It may well be steamy outside, but in department stores it’s already fall, since stores typically get their seasonal shipments of new items well in advance of temperatures actually changing. The choice of what clothing is for sale has been made by each retailer’s fashion director, the arbiter of taste with the ultimate say on what will be carried. It’s a job that involves attending fashion shows, meeting with designers afterwards to order a selection that’s targeted for each store’s specific clientele, frequently negotiating the rights to exclusively sell specific items and colorways, and, inevitably, having an innate sense of what the next big trends might be. With the awareness of an ever present bottom line, it’s a role that’s as pressured as it is glamourous.
For Tom Kalenderian, who oversees the menswear selection at Barneys New York, the task taps into decades of retail experience, an understanding of customer habits, and a healthy dose of creative trend forecasting.
“Being a merchant, you’re one part finance and you’re one part artist,” he explains. “At the end of the day, your instinct is just as valuable as the analysis that you do. I read a lot, I spend a lot of time looking at social [media], and I travel quite a bit. It’s important to me to understand what drives people to wear a certain style, and what’s coming up more and more often.”
Over the last couple seasons, menswear has been skewing drastically towards sportswear and its slouchy silhouette, propelled by brands like Vetements, which Barneys New York carries and has had substantial success with. While that look remains strong for fall, its appeal isn’t universal.
“It’s true that the street fashion side of fashion has a tremendous power today, but that’s not for everybody,” Kalenderian says. “It’s certainly strong and for the people that it’s right for, it’s a homerun.” The store’s sales of recent offerings by FEAR OF GOD and Justin Bieber—which, as Kalenderian puts it, “flew off the shelves”—prove the appeal of that kind of clothing, in spite of a high price point. (Nylon bomber jackets by the former brand are priced at more than $1000, for example, although they are lined with silk.)
Nonetheless, Kalenderian anticipates that a very different sensibility will begin to resonate with men this season. “What’s really important for fall is a return to formality in a small way,” he says. “You have to anticipate the next wave. We’ve been very careful to counterbalance some of the extreme casual that we’re presenting with very beautiful tailoring.”
He feels that Justin O’Shea’s recent, sleek collection for Brioni, which debuted in Paris last month, epitomizes the trend. “What we found that has invigorated the tailored world has been to focus on fit and the silhouette more than anything,” he says. “It has to be modern; it has to be slim. These guys all work out and they spend a tremendous amount of time doing things athletically. They’re always looking to change and update their wardrobe with the next slimmer silhouette.”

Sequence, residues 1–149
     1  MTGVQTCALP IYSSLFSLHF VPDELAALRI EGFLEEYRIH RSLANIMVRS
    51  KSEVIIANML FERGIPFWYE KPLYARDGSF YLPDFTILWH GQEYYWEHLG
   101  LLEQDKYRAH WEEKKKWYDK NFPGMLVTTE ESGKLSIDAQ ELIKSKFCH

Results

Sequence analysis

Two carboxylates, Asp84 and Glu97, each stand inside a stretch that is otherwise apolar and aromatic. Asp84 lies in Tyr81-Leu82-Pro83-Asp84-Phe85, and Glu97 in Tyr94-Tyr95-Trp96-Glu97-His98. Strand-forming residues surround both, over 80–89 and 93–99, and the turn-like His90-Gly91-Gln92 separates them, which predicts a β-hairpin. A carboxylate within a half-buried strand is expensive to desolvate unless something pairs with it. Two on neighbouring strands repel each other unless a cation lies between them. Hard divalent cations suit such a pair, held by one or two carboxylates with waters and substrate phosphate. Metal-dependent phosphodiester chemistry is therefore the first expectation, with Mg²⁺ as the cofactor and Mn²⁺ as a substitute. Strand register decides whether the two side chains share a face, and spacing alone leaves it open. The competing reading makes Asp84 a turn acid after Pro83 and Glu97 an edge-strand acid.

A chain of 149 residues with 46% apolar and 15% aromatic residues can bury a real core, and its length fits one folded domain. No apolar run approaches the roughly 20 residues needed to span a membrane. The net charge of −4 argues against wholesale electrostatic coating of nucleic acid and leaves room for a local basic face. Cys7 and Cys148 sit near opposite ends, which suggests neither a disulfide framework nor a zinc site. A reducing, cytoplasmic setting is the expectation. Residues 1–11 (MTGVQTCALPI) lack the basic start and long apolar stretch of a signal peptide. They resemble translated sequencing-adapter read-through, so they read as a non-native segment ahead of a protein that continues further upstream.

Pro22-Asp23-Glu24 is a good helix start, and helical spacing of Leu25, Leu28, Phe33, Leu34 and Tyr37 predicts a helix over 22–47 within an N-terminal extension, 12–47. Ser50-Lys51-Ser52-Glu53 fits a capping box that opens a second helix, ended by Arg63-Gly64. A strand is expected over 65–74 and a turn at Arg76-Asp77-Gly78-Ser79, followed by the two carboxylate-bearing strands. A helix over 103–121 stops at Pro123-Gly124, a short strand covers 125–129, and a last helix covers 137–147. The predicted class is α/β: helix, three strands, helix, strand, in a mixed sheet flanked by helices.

Kalenderian also anticipates a solid custom suiting business this fall. “It’s something that’s part ceremony and part prideful,” he says. “The ceremony of buying a custom made suit is something that comes from the enjoyment people get from developing a relationship with a specialist and creating a wardrobe that is, no pun intended, suited for you.” That exercise is, of course, the exact opposite of buying a trendy, oversized t-shirt or hoodie off the rack … and perhaps, for some shoppers, a more comfortingly solid investment in uneasy times.
While some offices have relaxed their dress codes, the appeal of suiting in general—albeit sometimes paired with sneakers or a relaxed backpack instead of a rigidly framed briefcase—still remains. “I’ve spoken to enough people in the finance world to know that they’re still buying suits and they’re still buying ties,” he says. “They’re still wearing their ties with their dress shirts, but maybe not every day and not every hour of the day. They’re obviously seeing the importance of wearing a suit and tie for client presentations.”
The current climate—and its disparate mix of clothing that’s formal and sporty—is just one of many fashion shifts that Kalenderian has seen in his more than 37 years at Barneys, where as executive vice president and general merchandise manager he oversees items for home and children as well as men.
“The business has changed dramatically in terms of the culture and the lifestyle of the client,” he reflects. “As the business evolves we’re always attracting new and younger customers. Naturally, the environment, the technology, and everything that surrounds what changes lifestyle also affects the culture of fashion in many ways. In fashion, we spend a lot of time focusing on what people need but the needs have changed because the way we live is so different.”